OJJDP research has shown that racial and ethnic disparities exist throughout the juvenile justice system; however, there was a need to further examine the nature of the ethnic disparities at arrest, in disposition decision points, in the use of secure detention, and postdisposition and reentry, as well as in relationships with other child-serving systems (such as child welfare and education).

OJJDP Welcomes Administrator Caren Harp
On January 19, 2018, Caren Harp was sworn in as Administrator of the Office of Juvenile Justice and Delinquency Prevention. During her 23-year career as a trial lawyer, Ms. Harp spent 20 years on the prosecution side of the court system, either prosecuting cases or training prosecutors, and 3 years as a public defender. As a deputy prosecutor, Ms. Harp tried a wide range of cases in criminal and juvenile court, including sexual assault, domestic violence, and capital murder.

Implementing the Juvenile Justice Reform Act
Congress enacted the Juvenile Justice and Delinquency Prevention (JJDP) Act in 1974. This landmark legislation established OJJDP to support local and state efforts to prevent delinquency and improve the juvenile justice system. In December 2018, the Juvenile Justice Reform Act (JJRA) of 2018 was signed into law, reauthorizing and substantially amending the JJDP Act. The JJRA becomes effective on October 1, 2019.

Message From the Administrator: 45th Anniversary of the Juvenile Justice and Delinquency Prevention Act 
On September 7, 1974, the Juvenile Justice and Delinquency Prevention Act was signed into law. This historic statute established OJJDP as the only federal agency that supports local and state efforts to deter delinquency and improve the juvenile justice system. For 45 years, funding appropriated to OJJDP pursuant to this Act has fueled national efforts to prevent child abuse, locate missing and exploited children, combat Internet crimes against children, create effective interventions for youthful offenders, and mentor children and youth before they ever become entangled with the court system.

Research Central: Measuring What Works in Juvenile Reentry
Recognizing the need to more effectively measure what works in reentry, in fiscal year 2015 OJJDP selected the Performance-based Standards Learning Institute (PbS) to develop a framework of recommended performance measures for reentry areas that are key to reducing reoffending and improving youth outcomes. This and other projects produced a comprehensive list of juvenile justice measures, data elements and various strategies to use in efforts to improve long-term juvenile justice outcomes.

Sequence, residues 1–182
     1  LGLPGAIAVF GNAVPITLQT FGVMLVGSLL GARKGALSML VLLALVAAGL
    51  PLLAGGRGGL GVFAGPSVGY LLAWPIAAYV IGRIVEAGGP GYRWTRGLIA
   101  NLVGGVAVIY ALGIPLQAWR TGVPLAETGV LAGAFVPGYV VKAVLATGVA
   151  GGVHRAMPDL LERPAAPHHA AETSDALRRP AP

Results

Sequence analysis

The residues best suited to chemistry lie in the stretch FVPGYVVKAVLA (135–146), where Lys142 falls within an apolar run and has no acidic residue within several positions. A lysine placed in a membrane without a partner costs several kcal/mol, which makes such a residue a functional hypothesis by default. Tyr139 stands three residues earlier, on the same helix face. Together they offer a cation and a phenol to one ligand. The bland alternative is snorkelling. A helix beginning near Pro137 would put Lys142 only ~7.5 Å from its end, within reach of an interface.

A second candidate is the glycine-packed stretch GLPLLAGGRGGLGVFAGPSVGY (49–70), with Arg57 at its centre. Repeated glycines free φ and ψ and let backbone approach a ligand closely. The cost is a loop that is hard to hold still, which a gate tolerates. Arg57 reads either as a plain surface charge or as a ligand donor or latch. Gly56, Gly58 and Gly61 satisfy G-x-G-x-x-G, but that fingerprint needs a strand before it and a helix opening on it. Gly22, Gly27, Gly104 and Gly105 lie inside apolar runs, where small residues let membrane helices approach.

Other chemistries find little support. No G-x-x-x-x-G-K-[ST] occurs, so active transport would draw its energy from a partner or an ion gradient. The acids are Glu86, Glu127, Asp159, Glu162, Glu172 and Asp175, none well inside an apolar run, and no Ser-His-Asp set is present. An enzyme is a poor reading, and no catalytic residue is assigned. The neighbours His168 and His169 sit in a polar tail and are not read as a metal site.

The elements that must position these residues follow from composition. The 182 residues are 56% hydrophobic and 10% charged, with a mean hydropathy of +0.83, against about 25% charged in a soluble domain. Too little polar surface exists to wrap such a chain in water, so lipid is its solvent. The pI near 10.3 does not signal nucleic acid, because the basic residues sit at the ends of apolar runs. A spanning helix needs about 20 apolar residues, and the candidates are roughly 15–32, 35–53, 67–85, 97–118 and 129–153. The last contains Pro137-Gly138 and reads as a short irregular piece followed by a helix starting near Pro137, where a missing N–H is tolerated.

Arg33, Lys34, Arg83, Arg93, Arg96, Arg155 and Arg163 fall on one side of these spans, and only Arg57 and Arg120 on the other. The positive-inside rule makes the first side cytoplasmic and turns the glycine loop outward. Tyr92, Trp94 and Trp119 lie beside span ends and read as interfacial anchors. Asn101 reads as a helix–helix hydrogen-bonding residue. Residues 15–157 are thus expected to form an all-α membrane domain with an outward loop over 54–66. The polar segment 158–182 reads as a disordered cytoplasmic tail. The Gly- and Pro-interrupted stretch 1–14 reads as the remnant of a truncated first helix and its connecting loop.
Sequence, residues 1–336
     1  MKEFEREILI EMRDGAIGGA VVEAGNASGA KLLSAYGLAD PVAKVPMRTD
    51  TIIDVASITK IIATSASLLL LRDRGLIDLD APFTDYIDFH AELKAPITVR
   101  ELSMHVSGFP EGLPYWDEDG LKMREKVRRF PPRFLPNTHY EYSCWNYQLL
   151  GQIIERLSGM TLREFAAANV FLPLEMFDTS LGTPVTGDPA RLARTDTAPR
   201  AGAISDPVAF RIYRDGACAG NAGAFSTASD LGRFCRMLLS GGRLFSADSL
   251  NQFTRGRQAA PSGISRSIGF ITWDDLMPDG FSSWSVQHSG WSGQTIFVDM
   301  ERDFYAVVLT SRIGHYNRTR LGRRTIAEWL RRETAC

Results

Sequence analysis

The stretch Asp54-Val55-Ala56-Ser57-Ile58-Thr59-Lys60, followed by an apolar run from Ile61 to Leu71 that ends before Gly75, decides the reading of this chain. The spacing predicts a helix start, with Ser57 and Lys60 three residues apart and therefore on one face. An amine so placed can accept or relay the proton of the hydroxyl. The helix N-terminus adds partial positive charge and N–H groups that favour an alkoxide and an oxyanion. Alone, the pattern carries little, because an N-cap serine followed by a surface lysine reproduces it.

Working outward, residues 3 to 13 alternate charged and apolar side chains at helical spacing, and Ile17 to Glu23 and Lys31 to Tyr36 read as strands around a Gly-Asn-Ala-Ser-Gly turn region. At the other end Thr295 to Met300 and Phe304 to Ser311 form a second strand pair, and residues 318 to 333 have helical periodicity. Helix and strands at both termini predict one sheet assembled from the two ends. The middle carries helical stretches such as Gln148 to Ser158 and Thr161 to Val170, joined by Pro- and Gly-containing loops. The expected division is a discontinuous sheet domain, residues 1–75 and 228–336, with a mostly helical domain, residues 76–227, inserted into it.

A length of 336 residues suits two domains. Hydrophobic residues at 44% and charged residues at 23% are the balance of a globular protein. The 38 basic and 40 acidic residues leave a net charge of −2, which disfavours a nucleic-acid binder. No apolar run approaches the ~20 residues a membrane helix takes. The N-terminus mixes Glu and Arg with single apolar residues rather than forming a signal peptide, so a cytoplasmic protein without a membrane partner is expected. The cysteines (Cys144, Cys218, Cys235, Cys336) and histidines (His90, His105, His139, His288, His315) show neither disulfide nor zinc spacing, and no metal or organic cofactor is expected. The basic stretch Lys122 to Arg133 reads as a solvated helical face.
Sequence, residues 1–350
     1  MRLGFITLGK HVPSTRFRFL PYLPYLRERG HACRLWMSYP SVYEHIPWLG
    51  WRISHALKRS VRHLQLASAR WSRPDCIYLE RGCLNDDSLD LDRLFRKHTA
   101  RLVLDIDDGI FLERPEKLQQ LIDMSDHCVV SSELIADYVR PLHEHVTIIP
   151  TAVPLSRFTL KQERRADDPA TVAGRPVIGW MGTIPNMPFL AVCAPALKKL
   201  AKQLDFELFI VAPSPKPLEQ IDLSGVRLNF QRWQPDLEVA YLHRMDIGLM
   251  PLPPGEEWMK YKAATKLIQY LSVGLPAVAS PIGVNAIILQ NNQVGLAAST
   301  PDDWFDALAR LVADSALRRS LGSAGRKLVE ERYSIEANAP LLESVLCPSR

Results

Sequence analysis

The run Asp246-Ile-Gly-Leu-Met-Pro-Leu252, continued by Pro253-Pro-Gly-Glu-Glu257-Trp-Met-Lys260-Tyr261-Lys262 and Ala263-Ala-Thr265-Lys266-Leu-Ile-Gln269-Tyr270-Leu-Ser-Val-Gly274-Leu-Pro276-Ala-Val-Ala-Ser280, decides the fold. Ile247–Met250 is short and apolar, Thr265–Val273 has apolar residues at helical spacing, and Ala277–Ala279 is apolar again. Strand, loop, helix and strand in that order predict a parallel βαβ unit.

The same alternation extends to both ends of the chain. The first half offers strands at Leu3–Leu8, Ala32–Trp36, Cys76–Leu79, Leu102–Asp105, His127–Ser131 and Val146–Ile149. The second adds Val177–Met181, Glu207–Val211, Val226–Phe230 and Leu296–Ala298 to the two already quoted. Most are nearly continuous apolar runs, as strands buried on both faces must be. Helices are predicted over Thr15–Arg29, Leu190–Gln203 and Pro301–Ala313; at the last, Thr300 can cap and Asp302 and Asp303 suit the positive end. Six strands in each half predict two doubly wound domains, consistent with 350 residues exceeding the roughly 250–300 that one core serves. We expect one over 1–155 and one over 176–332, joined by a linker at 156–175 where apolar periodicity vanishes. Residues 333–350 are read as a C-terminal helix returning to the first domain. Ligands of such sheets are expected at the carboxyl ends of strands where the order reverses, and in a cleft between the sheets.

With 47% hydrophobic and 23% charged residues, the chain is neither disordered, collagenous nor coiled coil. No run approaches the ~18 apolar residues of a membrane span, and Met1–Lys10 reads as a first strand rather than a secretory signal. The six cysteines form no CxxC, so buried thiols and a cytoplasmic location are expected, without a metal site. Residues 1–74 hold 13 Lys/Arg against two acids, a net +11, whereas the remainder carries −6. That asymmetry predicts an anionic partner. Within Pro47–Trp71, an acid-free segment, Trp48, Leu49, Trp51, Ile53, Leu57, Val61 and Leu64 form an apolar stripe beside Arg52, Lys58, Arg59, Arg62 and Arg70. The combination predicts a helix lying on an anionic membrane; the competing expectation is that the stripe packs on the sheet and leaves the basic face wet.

Top Story: Esteemed Youth Advocate Liz Ryan Named OJJDP Administrator
Long-time youth advocate Liz Ryan joined OJJDP as Administrator on May 16, 2022, appointed to the post by President Joseph R. Biden. Administrator Ryan brings more than 30 years of professional experience in legislative and justice-related issues, including more than two decades spent as an advocate for juvenile justice reform. 

Data Show Decline in Arrests of Youth for Violent Crimes
OJJDP's latest data on youth arrests for violent crimes show a 78-percent decline since the peak year, 1994, countering claims of a youth-led violent crime wave in the United States. The estimated number of youth arrests for violent crime—including murder, robbery, and aggravated assault—reached a new low in 2020, according to Trends in Youth Arrests for Violent Crimes, a fact sheet released in August 2022 by the National Institute of Justice and OJJDP.

OJJDP Dataset Provides National Benchmark for Comparing Racial and Ethnic Disparities 
OJJDP relaunched the National Racial and Ethnic Disparities Databook as a component of the Statistical Briefing Book, which offers the youth justice field a national benchmark for comparing local data, helping jurisdictions determine where to focus efforts to promote racial equity. The databook describes how racial and ethnic disparities are measured and identifies levels of disparities introduced at each decision point. 

Volume of Delinquency Cases Declines Steadily Since 2005
Thumbnail for "Trends and Characteristics of Delinquency Cases Handled in Juvenile Court, 2020" Caseloads for all categories of delinquency offenses have dropped dramatically since 2005, according to a new OJJDP Data Snapshot,  Trends and Characteristics of Delinquency Cases Handled in Juvenile Court, 2020.


Date Created: January 24, 2024